WASHINGTON – Eleven state attorneys general added their voices to a growing chorus of public officials and cattle producers urging the federal government to investigate possible anticompetitive business practices in the US meat industry.
In a letter addressed to US Attorney General William Barr, the state officials requested the Department of Justice (DOJ) lead a thorough examination of the competitive dynamics of the meat industry.
“Even if, after investigation, there is no appropriate enforcement action that can be pursued, we would suggest that regulatory strategies should be explored to promote competition, address market manipulation, and protect consumers,” the letter said. “The DOJ is in the ideal position to lead such an effort.”
The attorneys general noted that the concentrated market structure of the beef industry made it particularly susceptible to market manipulation, especially during times of food insecurity such as the current coronavirus (COVID-19) pandemic.
“During an economic downturn, such as that caused by the current pandemic, firms’ ability to harm American consumers through market manipulation and coordinated behavior exacts a greater toll, providing an additional reason for conducting a careful inquiry into this industry,” the letter said.
Wayne Stenehjem, attorney general of North Dakota; Philip Weiser, attorney general of Colorado; Eric Schmitt, attorney general of Missouri; Tim Fox, attorney general of Montana; Mark Brnovich, attorney general of Arizona; Lawrence Wasden, attorney general of Idaho; Tom Miller, attorney general of Iowa; Keith Ellison, attorney general of Minnesota; Douglas Peterson, attorney general of Nebraska; Jason Ravnsborg, attorney general of South Dakota; and Bridget Hill, attorney general of Wyoming, signed the letter.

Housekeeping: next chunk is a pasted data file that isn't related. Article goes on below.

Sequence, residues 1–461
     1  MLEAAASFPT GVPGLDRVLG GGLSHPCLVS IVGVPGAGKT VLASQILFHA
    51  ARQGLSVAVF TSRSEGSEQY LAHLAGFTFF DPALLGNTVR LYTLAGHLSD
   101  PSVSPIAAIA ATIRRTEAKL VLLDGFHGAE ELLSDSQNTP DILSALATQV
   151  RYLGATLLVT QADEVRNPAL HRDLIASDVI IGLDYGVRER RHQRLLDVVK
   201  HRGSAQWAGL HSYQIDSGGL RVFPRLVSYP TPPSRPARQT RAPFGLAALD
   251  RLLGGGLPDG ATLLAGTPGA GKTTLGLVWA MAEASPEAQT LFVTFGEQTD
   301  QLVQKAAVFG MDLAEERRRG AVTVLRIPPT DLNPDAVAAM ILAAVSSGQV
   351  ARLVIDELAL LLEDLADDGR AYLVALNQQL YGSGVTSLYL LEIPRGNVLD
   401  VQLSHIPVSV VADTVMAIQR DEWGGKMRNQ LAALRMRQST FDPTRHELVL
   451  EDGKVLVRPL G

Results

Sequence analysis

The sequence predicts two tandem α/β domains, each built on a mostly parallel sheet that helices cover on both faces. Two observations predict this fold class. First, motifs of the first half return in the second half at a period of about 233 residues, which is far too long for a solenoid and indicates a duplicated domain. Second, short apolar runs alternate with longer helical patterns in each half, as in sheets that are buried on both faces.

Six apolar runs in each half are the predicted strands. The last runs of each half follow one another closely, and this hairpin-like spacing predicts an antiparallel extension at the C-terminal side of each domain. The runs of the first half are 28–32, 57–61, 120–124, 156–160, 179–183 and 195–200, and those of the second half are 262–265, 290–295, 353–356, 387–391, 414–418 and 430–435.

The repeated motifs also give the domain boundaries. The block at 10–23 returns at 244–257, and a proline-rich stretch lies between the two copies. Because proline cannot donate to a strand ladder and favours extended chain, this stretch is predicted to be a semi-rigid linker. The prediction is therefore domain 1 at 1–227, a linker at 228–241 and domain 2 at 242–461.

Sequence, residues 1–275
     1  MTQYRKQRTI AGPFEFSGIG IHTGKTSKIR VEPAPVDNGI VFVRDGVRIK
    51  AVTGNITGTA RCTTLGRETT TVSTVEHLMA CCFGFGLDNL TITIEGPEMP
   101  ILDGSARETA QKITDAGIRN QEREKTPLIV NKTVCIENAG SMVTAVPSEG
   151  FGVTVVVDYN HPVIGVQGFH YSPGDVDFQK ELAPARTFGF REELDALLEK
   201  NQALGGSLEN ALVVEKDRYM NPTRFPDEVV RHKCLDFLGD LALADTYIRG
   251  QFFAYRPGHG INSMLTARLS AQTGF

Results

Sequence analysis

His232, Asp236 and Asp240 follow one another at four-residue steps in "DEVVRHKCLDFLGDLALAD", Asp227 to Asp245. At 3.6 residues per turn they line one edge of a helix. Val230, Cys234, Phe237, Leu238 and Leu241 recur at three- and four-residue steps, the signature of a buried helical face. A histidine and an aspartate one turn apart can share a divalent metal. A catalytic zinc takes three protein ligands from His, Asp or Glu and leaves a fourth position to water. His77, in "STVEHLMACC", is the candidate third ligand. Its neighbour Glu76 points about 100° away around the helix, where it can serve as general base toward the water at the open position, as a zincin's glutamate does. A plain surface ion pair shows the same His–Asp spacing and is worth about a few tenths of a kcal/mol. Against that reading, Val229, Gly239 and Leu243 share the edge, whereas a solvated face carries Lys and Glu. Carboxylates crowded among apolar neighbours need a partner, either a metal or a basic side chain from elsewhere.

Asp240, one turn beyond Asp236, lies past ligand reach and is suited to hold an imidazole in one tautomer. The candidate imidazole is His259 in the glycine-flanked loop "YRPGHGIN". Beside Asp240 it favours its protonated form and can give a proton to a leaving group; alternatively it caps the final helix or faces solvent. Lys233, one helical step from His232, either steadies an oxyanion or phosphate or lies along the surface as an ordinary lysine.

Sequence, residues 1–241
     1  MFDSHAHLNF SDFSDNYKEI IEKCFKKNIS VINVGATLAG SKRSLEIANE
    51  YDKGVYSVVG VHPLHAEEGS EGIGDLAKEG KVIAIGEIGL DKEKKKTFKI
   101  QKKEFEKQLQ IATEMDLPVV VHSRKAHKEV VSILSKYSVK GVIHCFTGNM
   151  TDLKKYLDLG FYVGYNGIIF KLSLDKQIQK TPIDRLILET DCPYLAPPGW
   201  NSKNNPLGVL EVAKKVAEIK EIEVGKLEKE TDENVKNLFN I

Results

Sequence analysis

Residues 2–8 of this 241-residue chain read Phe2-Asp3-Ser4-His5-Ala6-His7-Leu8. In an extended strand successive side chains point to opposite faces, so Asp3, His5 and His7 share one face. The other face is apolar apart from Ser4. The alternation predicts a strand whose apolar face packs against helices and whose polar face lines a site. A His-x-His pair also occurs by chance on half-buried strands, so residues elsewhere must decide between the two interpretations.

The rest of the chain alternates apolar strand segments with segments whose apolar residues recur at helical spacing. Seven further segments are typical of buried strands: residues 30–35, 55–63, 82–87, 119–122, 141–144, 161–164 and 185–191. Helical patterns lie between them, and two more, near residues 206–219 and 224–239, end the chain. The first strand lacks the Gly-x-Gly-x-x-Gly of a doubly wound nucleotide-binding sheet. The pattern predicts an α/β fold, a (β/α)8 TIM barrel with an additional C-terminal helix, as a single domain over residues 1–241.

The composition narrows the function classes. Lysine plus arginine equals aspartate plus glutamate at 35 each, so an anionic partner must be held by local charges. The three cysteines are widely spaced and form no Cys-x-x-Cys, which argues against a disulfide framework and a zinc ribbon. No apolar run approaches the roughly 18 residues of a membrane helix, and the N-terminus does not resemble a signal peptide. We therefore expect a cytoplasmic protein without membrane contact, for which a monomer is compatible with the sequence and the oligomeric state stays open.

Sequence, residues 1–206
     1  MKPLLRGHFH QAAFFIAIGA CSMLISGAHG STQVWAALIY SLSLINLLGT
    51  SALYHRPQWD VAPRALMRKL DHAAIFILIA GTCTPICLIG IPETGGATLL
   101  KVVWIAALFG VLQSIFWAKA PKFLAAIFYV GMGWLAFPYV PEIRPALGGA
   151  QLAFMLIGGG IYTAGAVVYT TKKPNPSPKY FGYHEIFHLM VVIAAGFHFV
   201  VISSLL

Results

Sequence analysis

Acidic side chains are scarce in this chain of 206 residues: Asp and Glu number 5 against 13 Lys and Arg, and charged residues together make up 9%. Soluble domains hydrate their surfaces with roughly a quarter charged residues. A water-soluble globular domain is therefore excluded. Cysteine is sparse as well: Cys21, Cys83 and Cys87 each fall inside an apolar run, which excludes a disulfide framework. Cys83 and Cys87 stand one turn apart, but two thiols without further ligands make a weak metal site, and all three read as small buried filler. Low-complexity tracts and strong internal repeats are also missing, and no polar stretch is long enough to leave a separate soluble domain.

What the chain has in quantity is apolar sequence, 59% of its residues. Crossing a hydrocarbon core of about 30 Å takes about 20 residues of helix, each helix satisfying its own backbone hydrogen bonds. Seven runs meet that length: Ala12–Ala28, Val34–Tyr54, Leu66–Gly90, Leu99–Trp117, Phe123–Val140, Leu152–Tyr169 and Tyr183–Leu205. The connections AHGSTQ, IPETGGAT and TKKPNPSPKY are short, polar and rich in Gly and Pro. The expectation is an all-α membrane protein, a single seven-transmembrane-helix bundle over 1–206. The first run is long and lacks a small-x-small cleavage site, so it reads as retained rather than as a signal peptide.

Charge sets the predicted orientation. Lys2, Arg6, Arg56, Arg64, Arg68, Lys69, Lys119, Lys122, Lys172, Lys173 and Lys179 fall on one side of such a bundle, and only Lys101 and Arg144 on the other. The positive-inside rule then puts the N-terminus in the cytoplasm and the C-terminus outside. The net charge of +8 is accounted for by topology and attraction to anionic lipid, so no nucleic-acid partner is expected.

US Sen. Deb Fischer (R-Neb.), a member of the Senate Agriculture Committee, applauded the action. In April, Fischer asked for public hearings before the Senate Judiciary Committee and an expanded investigation by the US Department of Agriculture.
“It’s concerning to see serious price losses for producers while packers are seeing record profits,” Fischer said. “I have been pushing hard for investigations and agree that an inquiry by the DOJ would help gather the needed information to ensure the integrity of the beef supply chain during this pandemic.”
US Agriculture Secretary Sonny Perdue said a US Department of Agriculture investigation into cattle futures and cash prices following the 2019 fire at Tyson Foods’ Holcomb, Kan., beef processing plant will include pricing during the coronavirus pandemic.
Ranch group R-CALF USA wrote to President Donald Trump and congressional leaders in April requesting a review to determine if the meat industry should be decentralized. The group urged two immediate industry reforms including mandatory country of origin labeling and legislation that would require beef packers to participate in the price discovery market at a level above 50%.